The story of three Havana teenagers attempting to escape Cuba for a better life in America is conveyed with urgent, rough-hewn simplicity in director Lucy Mulloy’s Una Noche. Making very effective use of Cuban non-pro actors, Mulloy takes us around the mean streets of Havana, where the shops are empty, but private homes stock everything from jewelry to motors to HIV meds. What the British-born, first-time feature director might lack in narrative polish, she makes up for with a genuine sense of empathy for her yearning, troubled characters and an artist’s eye for the beauty of decay. Mulloy even went to great trouble to shoot in 35mm instead of digital, a testament to her production moxie and desire for visual authenticity, attributes that will serve her well as she continues to improve. May her second film come soon.
Lila (Anailín de la Rúa de la Torre) and Elio (Javier Núñez Florián) are teenage twins, born three minutes apart, hustling and surviving in a stifling Havana defined by its broken families and crumbling, outdated infrastructure. Lila is emotionally dependent upon her brother, but she senses him pulling away as he spends more time with his brash, hot-tempered buddy Raul (Dariel Arrechaga). Although Elio’s interest in Raul might be sexual in nature, their connection really stems from a mutual desire to escape Havana on a makeshift raft for Miami, where Raul’s father supposedly awaits.
Preparing for their trip allows the clever Mulloy, who also wrote Una Noche, to send the boys around Havana gathering items, which offers an entrée into various aspects of everyday Cuban life. The hothouse colors and beautifully coarse compositions of DPs Trevor Stuart Forrest and Shlomo Godder provide raw visual energy as Elio steals food from a hotel kitchen and acquires the bag of glucose that’ll keep them vigilant during their 90-mile float to Miami. Raul, who is emblematic of how Cubans use desperate and often joyless sex to barter services, make a living, and relieve boredom, employs his good looks to snag the inner tubes needed for their raft and a camera to be traded for his prostitute mother’s HIV medicine.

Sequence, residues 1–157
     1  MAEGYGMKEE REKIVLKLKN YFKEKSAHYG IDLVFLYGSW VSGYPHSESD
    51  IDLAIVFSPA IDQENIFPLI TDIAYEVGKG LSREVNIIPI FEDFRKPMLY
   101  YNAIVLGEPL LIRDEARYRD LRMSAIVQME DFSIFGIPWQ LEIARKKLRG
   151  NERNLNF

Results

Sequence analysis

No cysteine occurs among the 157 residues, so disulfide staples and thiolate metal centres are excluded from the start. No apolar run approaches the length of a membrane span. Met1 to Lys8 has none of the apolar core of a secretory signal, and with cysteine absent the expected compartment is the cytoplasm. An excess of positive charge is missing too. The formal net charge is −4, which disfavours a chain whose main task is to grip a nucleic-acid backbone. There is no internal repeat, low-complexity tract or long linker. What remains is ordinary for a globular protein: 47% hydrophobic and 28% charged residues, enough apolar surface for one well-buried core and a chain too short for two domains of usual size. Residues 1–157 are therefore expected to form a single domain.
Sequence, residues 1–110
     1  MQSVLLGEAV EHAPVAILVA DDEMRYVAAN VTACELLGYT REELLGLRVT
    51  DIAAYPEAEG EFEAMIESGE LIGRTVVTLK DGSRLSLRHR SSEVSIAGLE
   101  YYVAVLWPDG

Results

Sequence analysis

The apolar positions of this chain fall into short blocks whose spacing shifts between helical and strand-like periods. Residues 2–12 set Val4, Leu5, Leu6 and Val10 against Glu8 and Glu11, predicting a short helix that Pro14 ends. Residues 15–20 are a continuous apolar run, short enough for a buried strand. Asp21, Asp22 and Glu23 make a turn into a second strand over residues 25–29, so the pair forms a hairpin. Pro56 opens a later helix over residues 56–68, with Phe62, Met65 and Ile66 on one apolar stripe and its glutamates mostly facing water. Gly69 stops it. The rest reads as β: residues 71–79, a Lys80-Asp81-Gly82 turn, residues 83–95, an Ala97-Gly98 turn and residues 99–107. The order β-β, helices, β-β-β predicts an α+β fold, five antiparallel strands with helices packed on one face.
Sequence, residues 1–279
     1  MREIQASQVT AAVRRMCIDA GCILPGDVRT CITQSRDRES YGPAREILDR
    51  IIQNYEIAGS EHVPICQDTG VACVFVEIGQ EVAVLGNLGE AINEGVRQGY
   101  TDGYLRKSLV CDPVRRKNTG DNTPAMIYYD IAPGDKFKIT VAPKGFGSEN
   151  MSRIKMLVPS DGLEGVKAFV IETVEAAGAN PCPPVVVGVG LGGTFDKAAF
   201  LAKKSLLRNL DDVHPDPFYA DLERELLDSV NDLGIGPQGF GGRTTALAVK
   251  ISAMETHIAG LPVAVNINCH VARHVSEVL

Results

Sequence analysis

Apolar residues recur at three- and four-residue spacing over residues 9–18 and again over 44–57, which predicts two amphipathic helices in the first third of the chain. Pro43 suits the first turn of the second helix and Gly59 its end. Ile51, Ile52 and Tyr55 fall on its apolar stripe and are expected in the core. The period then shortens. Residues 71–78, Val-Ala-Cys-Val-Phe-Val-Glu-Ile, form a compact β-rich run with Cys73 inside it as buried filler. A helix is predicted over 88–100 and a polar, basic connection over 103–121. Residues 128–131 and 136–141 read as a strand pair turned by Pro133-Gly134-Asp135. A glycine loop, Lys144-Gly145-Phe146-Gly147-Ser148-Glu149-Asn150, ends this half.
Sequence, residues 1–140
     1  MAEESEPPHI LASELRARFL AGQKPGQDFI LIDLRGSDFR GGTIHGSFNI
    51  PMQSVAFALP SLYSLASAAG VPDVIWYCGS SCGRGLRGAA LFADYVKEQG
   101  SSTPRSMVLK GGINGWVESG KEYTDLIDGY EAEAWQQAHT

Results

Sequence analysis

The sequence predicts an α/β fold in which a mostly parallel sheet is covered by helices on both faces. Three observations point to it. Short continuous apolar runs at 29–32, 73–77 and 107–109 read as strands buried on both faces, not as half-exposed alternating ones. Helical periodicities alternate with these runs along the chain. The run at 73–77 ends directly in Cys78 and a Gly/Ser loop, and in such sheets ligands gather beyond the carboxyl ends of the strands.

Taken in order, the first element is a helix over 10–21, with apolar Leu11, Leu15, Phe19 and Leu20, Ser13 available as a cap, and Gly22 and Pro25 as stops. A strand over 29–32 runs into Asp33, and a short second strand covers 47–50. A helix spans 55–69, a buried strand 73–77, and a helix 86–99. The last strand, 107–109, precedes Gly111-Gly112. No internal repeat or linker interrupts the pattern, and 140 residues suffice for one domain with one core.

Lucy Mulloy: ‘A director to watch’
Lucy Mulloy’s treatment of the central threesome is gentle and sympathetic, even if Elio’s homosexuality feels dramatically weightless and Lila’s poetic narration is occasionally superfluous. The director, who began in documentaries, neither condones nor condemns anyone’s behavior, including the key moment when Raul injures one of his mother’s tricks, expediting his need to escape the island.
Lila, Elio and Raul’s attempt at freedom takes them out of Cuba and into the Florida Straits for the movie’s final section (which includes two heartbreaking shots boldly added to the end credits). Even without the distinctive Cuban locales, we’re still fully engaged during the treacherous, shark-infested journey, further classifying Mulloy as a director to watch.
Life (somewhat) imitates art
And in a real-life coda that makes her film valuable beyond mere artistry, in 2012 de la Torre and Florián defected on their way to Una Noche’s premiere at New York’s Tribeca Film Festival. According to reports, they are now a couple, living together in Las Vegas. As of this writing, de la Torre is pregnant with twins. (Note from the Editor: See also “Tribeca 2012: Politics Nation.”)
Una Noche (2012). Director and Screenplay: Lucy Mulloy. Cast: Dariel Arrechaga, Anailín de la Rúa de la Torre, Javier Núñez Florián, María Adelaida Méndez Bonet, Greisy del Valle, Katia Caso, Anais Abreu, Sinencio Arrechaga Valdes, Naomi Battrick, Felix Beaton, Jonny Burt, Amarilis Caridad Piñeda Martínez.
Anailín de la Rúa de la Torre, Javier Núñez Florián, Dariel Arrechaga Una Noche photo: IFC Films / Sundance Selects.